: In your book, you discuss how big business interests have contributed to people losing trust in political institutions. Within the Trump administration, we're now also seeing a deliberate scaling down of institutions and turning away from institutions. One instance that I thought was really a stark example of the government turning its back on the good of people and then businesses deciding to take up the charge was President Trump's withdrawal from the Paris Climate Agreement. Private businesses like Sponsored:
:Sponsored: Yeah, that's a great question. I think what you're getting at is something actually very deep, which is the way this whole circle works... So on the issue of the environment, these big companies have spent the last 30 or 40 years discrediting government at every turn. When government has to pay people more, discredit. When government tries to give people maternity leave, discredit. When government tries to do environmental regulations, discredit. When government tries to regulate workers' safety, discredit. When government tries to have a carbon tax, discredit. Every turn, right? So then what happens?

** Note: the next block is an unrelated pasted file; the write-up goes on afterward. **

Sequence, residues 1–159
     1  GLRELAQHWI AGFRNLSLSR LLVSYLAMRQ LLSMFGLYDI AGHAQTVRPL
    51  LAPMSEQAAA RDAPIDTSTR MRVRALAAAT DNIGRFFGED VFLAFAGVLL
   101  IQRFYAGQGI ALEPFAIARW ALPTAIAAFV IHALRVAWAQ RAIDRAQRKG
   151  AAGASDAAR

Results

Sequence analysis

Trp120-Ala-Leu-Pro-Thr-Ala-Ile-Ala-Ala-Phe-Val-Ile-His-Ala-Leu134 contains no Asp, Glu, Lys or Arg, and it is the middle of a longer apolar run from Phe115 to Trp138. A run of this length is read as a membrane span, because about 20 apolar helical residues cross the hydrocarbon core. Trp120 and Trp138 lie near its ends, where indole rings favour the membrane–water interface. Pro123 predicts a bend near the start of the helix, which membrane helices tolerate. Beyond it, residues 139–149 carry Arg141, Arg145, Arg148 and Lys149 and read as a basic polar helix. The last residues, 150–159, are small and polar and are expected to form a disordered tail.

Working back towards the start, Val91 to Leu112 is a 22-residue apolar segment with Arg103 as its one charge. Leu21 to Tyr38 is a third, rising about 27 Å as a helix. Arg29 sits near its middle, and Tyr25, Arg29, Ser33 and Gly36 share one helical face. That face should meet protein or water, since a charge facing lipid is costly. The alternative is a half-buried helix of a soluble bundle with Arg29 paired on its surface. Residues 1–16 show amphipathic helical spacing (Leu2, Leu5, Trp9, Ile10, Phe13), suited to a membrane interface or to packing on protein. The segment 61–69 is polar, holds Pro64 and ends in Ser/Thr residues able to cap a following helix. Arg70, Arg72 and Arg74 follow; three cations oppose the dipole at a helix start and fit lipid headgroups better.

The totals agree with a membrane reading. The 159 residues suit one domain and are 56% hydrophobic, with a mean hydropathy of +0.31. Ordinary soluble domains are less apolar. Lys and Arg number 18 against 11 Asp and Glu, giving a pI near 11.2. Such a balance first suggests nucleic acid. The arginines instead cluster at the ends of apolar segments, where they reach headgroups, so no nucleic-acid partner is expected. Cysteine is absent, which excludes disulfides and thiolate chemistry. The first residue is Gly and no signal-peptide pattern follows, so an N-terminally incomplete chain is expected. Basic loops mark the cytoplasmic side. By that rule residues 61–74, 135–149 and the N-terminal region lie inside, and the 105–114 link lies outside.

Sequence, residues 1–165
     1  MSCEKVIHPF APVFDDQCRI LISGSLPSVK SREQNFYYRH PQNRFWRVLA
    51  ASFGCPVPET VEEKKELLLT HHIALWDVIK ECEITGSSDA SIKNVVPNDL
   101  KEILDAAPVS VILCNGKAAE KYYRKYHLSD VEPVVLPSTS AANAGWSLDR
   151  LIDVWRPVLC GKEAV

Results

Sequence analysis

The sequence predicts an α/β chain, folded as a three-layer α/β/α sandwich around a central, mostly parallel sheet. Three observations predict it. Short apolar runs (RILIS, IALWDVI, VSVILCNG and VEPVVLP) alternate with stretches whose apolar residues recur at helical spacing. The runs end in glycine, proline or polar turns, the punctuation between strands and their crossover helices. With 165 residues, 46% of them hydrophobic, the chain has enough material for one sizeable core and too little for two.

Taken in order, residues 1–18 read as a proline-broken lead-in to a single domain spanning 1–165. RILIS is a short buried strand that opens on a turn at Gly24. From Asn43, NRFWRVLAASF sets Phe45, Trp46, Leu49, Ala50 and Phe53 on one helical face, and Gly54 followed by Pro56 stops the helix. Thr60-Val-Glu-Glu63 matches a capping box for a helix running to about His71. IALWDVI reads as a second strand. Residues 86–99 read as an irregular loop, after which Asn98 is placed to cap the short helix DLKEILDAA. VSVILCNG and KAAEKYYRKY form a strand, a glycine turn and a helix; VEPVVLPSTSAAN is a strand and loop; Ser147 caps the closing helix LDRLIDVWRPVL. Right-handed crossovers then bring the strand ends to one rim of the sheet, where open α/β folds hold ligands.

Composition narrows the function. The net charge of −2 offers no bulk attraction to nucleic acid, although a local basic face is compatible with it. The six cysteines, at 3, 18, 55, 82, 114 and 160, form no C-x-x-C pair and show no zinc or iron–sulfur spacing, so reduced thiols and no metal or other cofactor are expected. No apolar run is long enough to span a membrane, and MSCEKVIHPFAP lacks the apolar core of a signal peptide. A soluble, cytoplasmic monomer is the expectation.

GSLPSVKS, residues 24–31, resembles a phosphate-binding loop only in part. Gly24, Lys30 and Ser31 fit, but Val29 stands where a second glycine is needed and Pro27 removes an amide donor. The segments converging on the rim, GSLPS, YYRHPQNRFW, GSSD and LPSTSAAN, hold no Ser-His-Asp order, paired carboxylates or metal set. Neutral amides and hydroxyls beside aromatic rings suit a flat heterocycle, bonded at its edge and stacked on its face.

One: the companies make a lot of money because they're subject to less regulation and pay less taxes, etc. ... Consequence number two is the government does less stuff. Consequence number three is because the government does less stuff, social problems multiply. Climate change gets worse, income volatility goes up, right? Then, you end up in phase two where all those trends play out. Social problems have festered, gotten worse. The government is now weaker and less able to solve them. Maybe it's tried and failed to solve some of these problems, and the only people with money left are big companies or philanthropists who used to have big companies.
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